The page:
Boyfriend has shingles. We are on Day 8. : shingles

Back home, Kim’s symptoms did not improve much. She was unable to return to work because of the pain, problems with her vision, and the side-effects of the gabapentin, which caused memory problems. By mid-July—more than 4 months after the initial onset—she still had swelling in her eye, spots on her cornea, scabbing on her scalp, and a great deal of burning pain. “It was like someone had set an iron on my head and left it there,” she recalls. She describes her condition at this point as “kind of treading water—no worse, no better.”

Kim’s neuralgia created a lot of pain, but she had other problems as well, particularly with her vision. She was given eye drops, which she had to use every waking hour. These helped some, she says, but being in bright lights was almost unbearable.

The Empowered Patient’s Guide To Postherpetic Neuralgia

Being vaccinated against shingles is the best way to prevent postherpetic neuralgia , lingering pain from the shingles virus. Here’s what you should know about the causes, symptoms, and treatments for this painful chronic condition.

Postherpetic neuralgia , also known as shingles, most commonly occurs as a rash on one side of the torso.

 

This is no ordinary rash but the ithcy blisters aren’t even the worst part. A painful condition known as postherpetic neuralgia is the horrible gift that keeps on giving for more than 10% of people who develop it following a bout of shingles.

Oh yeah and the pain? It can be significant. People familiar with the burning, relentless feeling of PHN have likened it to passing a kidney stone; mothers have described it as pain “worse than labor”.

What Are The Risk Factors For Postherpetic Neuralgia

Age is a high-risk factor for postherpetic neuralgia. The older a person is when shingles develops, the more likely it is that the individual will develop postherpetic neuralgia. People over 60 years of age have about a 60% chance, while people 70 or older have about a 75% chance, of developing postherpetic neuralgia after getting shingles.

People with a family history of close relatives who developed postherpetic neuralgia are at a higher risk of developing this painful condition.

Can Shingles And Postherpetic Neuralgia Be Prevented

Shingles can only be prevented if you never have chickenpox, or if you have very good immunity against the chickenpox virus . Most people in the UK have chickenpox as a child. However, immunity to the chickenpox virus reduces as you become older.

There is a vaccine against the varicella-zoster virus which is now offered routinely to people in the UK aged 70-79 years. The efficacy of the vaccine declines with age and so it is not recommended for people aged 80 years or older. This vaccine is the most effective way of preventing the development of PHN. It is a very effective and safe vaccine.

Know Your Risk Of Getting Shingles And Complications

About 1 out of every 3 people in the United States will develop shingles during their lifetime.

If you’ve had chickenpox, you are at risk for shingles. More than 99% of Americans born before 1980 have had chickenpox, even if they don’t remember it.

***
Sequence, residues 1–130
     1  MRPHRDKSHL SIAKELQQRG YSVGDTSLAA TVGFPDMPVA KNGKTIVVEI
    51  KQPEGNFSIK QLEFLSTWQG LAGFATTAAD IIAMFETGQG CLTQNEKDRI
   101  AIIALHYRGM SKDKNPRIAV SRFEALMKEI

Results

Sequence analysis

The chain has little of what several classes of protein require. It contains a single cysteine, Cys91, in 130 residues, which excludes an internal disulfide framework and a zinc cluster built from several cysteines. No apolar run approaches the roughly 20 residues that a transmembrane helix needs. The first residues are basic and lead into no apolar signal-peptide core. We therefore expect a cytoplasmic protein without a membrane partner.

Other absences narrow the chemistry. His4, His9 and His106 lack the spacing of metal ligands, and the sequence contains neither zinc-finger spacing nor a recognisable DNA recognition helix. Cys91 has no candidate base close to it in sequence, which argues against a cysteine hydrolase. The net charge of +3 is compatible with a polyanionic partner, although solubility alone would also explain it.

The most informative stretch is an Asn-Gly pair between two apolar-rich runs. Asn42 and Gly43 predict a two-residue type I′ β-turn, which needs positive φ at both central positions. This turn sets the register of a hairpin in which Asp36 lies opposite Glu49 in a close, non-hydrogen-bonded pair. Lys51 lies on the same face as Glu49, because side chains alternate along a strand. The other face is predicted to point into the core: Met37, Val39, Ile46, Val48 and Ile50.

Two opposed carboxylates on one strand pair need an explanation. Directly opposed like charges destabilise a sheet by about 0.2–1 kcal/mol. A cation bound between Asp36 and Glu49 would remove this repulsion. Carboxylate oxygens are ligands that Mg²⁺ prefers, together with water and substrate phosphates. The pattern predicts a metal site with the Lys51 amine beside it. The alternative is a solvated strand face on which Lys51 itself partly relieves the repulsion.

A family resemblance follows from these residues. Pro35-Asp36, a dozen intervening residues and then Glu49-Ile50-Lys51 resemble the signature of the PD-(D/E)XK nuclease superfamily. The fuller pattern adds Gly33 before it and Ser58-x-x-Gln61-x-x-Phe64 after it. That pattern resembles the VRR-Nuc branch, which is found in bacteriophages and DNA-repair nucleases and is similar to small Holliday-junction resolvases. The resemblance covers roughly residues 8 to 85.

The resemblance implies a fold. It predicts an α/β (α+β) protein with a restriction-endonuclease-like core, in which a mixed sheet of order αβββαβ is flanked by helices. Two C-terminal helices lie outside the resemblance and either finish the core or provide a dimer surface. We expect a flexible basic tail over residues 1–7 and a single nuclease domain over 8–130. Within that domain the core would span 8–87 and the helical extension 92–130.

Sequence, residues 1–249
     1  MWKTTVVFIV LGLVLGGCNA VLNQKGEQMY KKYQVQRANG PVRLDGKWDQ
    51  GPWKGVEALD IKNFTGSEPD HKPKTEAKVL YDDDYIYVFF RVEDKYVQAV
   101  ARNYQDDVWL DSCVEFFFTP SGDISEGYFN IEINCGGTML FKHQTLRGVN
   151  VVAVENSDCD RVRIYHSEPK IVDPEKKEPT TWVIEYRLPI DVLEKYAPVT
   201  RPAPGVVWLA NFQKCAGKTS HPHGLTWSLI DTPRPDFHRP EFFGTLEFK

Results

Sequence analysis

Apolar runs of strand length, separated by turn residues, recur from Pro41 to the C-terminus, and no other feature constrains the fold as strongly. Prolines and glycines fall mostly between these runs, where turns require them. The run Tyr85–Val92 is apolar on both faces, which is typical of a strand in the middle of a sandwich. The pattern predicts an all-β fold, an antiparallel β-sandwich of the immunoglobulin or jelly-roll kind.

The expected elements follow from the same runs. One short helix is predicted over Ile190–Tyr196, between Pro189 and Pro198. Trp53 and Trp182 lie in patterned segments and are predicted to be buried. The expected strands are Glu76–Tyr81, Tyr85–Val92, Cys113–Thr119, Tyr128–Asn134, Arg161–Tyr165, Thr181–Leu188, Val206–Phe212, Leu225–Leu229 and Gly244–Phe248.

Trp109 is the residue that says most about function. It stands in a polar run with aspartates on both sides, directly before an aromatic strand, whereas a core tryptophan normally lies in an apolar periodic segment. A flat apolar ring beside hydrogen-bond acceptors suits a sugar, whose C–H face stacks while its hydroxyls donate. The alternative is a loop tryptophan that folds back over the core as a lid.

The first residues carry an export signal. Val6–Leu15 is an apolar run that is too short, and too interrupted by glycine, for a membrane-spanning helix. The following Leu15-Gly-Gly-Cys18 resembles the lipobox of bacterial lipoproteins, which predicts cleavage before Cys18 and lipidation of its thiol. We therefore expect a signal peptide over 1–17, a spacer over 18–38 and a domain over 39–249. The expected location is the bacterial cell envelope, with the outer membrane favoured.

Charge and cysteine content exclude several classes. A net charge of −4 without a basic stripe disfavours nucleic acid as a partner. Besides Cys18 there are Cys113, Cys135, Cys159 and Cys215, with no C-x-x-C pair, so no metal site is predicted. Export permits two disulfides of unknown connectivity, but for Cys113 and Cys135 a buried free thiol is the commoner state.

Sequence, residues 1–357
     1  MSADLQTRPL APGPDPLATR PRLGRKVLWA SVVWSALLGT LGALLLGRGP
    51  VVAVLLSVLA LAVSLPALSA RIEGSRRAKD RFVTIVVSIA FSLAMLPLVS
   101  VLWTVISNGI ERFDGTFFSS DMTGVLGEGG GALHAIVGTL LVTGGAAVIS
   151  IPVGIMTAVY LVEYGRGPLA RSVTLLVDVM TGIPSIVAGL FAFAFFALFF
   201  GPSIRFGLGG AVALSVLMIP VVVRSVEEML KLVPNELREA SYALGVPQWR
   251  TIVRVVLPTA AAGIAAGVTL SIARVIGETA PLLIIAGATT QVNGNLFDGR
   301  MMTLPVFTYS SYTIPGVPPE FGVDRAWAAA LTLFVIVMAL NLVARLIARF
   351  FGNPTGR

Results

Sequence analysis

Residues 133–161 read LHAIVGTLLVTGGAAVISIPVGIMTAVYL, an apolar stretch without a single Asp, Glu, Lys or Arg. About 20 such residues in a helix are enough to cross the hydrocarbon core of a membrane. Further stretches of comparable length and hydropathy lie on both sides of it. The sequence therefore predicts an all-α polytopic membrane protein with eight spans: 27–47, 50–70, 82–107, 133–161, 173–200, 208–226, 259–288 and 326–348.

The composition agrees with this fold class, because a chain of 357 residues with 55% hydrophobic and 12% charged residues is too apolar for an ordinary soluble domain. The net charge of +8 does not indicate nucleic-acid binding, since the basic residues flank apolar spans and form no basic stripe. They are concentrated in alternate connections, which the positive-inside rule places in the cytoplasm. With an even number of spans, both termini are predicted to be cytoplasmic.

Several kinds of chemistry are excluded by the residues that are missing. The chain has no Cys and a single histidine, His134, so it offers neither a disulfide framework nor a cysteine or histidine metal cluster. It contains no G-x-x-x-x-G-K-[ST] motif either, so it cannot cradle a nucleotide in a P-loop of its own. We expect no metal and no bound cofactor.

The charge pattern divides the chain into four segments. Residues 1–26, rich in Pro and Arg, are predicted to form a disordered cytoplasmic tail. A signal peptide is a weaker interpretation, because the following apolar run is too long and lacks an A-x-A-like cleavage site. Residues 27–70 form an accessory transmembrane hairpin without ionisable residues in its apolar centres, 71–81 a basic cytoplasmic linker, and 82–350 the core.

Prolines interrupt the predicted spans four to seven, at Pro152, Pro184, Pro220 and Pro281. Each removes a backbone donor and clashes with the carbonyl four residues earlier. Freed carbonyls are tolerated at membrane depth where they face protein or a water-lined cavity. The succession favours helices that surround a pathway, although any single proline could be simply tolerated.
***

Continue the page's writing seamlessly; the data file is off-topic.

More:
Your risk of getting shingles and having serious complications increases as you get older.

About 1 in 10 people who get shingles develop nerve pain that lasts for months or years after the rash goes away. This is called postherpetic neuralgia and is the most common complication of shingles.

Shingles may lead to other serious complications involving the eye, including blindness. Very rarely, it can also lead to pneumonia, hearing problems, brain inflammation or death.

What Are The Complications Of Postherpetic Neuralgia

PHN itself is a complication of shingles. A serious complication of PHN is addiction to pain medications. Some patients may have an inability to live a normal lifestyle because of constant pain, while others have sleep and activities limited or even prohibited by touching the affected area, including just having contact with their own clothing. Patients taking opioids may become very constipated. In a few cases of PHN, muscle weakness can be an additional complication.

Shingles: Postherpetic Neuralgia’s Stubborn Mother

PHN is triggered by shingles which is triggered by chicken pox. Some think of shingles as adult chicken pox and while it’s true both shingles and chicken pox are caused by varicella-zoster virus—a common infection of the nerves—that’s pretty much where the similarity ends. 

If you had chicken pox as a kid the varicella-zoster virus has been residing in your body ever since. It didn’t leave when your chicken pox resolved. Instead, it took up residence and remained a low-maintenance tenant until either age, a weakened immune system, stress, or some sort of cruel combination transformed the varicella-zoster virus into the herpes virus causing shingles—a much more demanding occupant.

Shingles typically starts with a variety of sensations–burning, tingling, and itching. Within days a blistery rash appears, usually on one side of the body typically around the torso, and the sensations may get more severe and painful. Within weeks the rash disappears and with it, those sensations.